From Jane Alonso. Her passion for food and spirits leads her on frequent excursions into Borderstan’s land of bars and restaurants. Email her at jane[AT]borderstan.com
Consider the many favorite cuisines that we DCers like to spend our money on — Japanese, Mexican, Thai, Ethiopian, Italian. How about adding Balkan food to that list. Say what?
That is what makes Ambar, a Balkan-themed restaurant and bar on Barracks Row, such a courageous venture for Ivan Iricanin (Masa 14 and El Centro partner), who hails from Trstenik, a small town in southern Serbia. He is banking that DC will not only give Balkan cuisine a try, but enjoy it enough to return for more. Enjoy it enough to choose Ambar over other neighborhood favorites like Cava, Matchbox, and Belga Café for date night or after work drinks.
Kudos to Iricanin for taking a big risk, one that appears to be paying off. Judging from the packed crowd on my two visits since opening in January 2013, Ambar has succeeded in elevating Balkan cuisine to hipster status. No easy feat in this competitive food market.
The name “Ambar” refers to the wooden structures that hold corn in the Balkan countryside. To evoke that quaint atmosphere, Iricanin hired a Serbia-based architectural firm, Atelje AL, to design Ambar. The result is a modern, casual, inviting space that fits perfectly with the general atmosphere of Barrack Row.
What is Balkan Food?
What is Balkan food like? It might be best described as a mix of Turkish, Eastern European, and Mediterranean culinary influences, as the region was at the crossroads of many cultures for centuries.
Full disclosure: I lived and worked in Bosnia over a decade ago, and have spent considerable time traveling in Croatia, Serbia, and Montenegro. So I was, understandably, excited to see how Ambar would present my favorite regional dishes that I have a rare occasion to eat these days (there are no Balkan restaurants in DC and only a few farther afield in Maryland and Virginia.)
Ambar creatively reinvents Balkan specialties such as cevapi (kebab), sarma (rice and beef stuffed sour cabbage), and sopska salata (a mixed tomato, pepper, cucumber, onion, and feta salad) for a modern American audience. The authentic flavors are all there, but the presentation is lighter and portions are smaller (tapas style), which render the traditionally “heavy” cuisine much more appealing.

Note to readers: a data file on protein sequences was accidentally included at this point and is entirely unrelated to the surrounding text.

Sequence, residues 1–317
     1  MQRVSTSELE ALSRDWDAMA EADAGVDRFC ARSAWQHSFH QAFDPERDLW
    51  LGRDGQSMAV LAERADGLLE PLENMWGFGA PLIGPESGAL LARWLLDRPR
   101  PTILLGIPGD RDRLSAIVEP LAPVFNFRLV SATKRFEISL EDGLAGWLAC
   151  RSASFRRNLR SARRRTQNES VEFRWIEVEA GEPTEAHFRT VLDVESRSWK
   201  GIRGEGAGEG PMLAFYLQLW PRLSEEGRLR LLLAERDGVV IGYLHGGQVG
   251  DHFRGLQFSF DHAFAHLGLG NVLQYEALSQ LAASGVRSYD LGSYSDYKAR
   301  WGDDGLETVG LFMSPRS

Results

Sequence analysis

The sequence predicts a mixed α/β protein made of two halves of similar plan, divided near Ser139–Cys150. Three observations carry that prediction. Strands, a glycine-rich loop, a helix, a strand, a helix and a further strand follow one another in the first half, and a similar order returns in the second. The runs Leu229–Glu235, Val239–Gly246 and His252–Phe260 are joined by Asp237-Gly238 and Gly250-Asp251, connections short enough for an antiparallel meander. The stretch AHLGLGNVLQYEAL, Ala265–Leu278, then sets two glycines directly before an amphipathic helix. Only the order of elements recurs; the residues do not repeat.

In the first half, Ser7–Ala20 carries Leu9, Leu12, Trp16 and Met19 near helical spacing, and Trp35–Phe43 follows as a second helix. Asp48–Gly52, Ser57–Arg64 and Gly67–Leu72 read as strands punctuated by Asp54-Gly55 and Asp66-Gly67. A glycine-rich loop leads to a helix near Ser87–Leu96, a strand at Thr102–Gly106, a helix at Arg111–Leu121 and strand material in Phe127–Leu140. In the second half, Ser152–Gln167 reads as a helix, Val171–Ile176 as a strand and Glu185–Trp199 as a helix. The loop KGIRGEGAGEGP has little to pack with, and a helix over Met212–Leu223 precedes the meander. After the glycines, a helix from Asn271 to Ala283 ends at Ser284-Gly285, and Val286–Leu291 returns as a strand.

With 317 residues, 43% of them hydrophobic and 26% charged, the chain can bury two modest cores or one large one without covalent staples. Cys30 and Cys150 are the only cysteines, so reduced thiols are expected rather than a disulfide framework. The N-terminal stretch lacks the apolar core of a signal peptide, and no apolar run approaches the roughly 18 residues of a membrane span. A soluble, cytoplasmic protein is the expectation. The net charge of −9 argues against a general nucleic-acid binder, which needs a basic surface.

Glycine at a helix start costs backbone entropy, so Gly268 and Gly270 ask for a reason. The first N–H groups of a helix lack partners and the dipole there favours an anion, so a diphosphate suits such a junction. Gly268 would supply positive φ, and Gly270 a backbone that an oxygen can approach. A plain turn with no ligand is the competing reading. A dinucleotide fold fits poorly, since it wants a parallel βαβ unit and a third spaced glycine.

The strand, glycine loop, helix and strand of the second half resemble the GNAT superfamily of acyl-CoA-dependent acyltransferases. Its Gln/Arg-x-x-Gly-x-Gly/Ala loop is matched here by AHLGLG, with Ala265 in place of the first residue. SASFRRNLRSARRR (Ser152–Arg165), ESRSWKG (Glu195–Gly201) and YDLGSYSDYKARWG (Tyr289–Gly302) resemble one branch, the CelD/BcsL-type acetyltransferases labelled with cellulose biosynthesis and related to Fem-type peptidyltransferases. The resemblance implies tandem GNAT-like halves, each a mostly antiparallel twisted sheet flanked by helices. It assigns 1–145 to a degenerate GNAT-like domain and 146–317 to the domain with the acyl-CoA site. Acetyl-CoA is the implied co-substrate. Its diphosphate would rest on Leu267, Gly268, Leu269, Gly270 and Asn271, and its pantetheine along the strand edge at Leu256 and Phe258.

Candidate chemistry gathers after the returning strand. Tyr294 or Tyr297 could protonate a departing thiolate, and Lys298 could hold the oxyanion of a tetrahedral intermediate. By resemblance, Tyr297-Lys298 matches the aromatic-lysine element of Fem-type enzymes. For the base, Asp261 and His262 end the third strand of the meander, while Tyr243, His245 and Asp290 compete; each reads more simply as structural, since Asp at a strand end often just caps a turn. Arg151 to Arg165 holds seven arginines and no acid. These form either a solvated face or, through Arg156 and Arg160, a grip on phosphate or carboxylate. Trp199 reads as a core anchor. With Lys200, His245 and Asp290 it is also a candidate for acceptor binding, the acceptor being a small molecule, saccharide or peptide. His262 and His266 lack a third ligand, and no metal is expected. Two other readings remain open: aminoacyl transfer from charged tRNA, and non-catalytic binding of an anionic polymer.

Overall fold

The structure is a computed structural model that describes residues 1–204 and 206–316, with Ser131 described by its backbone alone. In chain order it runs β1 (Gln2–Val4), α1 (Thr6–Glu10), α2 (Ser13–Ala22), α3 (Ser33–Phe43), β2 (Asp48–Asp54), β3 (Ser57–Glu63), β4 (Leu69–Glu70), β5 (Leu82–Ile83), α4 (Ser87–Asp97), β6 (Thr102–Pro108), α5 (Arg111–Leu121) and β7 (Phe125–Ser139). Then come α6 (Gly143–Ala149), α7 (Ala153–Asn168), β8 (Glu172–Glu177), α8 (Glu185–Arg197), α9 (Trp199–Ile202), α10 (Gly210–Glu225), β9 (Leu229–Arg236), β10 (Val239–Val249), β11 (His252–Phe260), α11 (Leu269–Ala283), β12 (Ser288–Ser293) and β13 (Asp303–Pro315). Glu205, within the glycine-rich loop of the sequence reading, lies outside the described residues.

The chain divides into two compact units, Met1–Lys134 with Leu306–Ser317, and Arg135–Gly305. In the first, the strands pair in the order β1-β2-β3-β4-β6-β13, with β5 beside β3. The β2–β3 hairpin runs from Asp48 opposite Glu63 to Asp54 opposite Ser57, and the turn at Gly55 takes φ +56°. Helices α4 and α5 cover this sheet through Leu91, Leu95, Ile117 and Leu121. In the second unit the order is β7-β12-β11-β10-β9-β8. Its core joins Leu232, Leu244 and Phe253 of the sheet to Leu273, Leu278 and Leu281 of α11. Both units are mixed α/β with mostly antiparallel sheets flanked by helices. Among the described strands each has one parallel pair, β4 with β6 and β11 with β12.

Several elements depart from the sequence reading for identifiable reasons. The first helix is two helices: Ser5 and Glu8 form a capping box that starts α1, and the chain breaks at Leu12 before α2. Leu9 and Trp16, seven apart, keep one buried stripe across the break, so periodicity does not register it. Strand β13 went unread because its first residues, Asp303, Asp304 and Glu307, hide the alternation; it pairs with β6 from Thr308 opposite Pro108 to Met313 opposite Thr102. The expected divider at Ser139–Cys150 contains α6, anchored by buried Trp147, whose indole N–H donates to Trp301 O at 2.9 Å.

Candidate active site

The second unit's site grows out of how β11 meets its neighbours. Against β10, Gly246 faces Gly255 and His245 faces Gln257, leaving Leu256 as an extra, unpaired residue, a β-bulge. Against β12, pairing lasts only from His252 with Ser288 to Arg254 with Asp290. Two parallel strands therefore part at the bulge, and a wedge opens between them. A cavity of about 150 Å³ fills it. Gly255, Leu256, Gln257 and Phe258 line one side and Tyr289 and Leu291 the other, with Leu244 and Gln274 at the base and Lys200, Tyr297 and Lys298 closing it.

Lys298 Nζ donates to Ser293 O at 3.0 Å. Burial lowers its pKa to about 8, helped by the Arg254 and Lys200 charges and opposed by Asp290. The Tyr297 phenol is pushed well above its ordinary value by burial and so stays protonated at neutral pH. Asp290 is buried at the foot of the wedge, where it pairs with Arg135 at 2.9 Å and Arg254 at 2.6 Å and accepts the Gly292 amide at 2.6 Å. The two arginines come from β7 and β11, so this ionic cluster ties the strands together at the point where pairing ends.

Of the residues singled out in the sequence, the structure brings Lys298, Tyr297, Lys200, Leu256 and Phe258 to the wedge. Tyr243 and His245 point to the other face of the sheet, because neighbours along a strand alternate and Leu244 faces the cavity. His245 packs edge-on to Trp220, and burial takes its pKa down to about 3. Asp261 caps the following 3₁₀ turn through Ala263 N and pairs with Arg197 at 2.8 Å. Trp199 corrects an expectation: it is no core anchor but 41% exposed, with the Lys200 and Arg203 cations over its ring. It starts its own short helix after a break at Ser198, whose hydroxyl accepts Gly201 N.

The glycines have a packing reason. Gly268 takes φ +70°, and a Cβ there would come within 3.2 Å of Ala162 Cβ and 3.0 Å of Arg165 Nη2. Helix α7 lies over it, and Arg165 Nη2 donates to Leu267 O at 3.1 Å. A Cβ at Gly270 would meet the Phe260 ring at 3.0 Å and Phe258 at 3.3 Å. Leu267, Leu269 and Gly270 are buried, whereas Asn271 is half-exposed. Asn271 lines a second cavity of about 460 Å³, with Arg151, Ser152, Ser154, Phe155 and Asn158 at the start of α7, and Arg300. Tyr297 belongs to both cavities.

Even the karadjordjeva snicla — rolled veal schnitzel, stuffed with a type of Balkan clotted cream called kajmak, then breaded and deep fried — isn’t coma-inducing. Which says a lot for a dish I dubbed “heart attack on a plate” when it was introduced to me in Bosnia.
Not every dish was a total hit. I found the leek croquettes and panko crusted peppers too Americanized and heavy for my tastes. And there are far too many potatoes served with the cevapi (a dish that doesn’t even come with potatoes in the Balkans).
For more on the food at Ambar, check out Tom Siestma’s review, released in March, in which he gave Ambar two stars.
In the beverage department, I have one strong recommendation — try one of many rakias (fruit brandies) that Iricanin has imported from Serbia. I can testify that these brandies are nothing like the homemade moonshine that reminded me of gasoline during Balkan days. Honestly, I didn’t even realize rakia could taste this good. It’s a bit pricey at an average of $10 a shot, but well worth a try.
Rakia comes in many flavors — plum (sljivovitz), grape (loza), pear (vilijamovka) — though my absolute favorite is an apricot rakia (kajsija) that the bartender insisted I try. My dining mates passed the exotic drinking vessel in which it was delivered around the table so everyone could have a turn to smell the incredibly intense floral apricot aroma.
And if rakia is too strong for you, the wine list is rich with interesting and surprisingly complex Balkan sections from Croatia, Serbia, Slovenia, Bulgaria, and Moldova. The specialty cocktails are just as adventurous, using Balkan liquors to add a new twist to old hat cocktails like the Sarajevo Old Fashioned (sljivovitz, rye whiskey, bitters, and cane syrup) and the Zagreb Rakia Sour (loza, lime, bitters, and egg whites).
Ambar largely succeeds in making the best of Balkan cuisine accessible to the uninitiated. If your usual fare is boring you, venture cross town and give the Balkans a chance to capture your imagination for a night.
- Ambar, 523 8th Street SE.
- Open Monday through Friday 11 am to 11 pm; Saturday and Sunday brunch from 10 am to midnight.
- Tapas from $6 to $16; Cocktails from $9 to $12; wines by the glass from $8 to $12.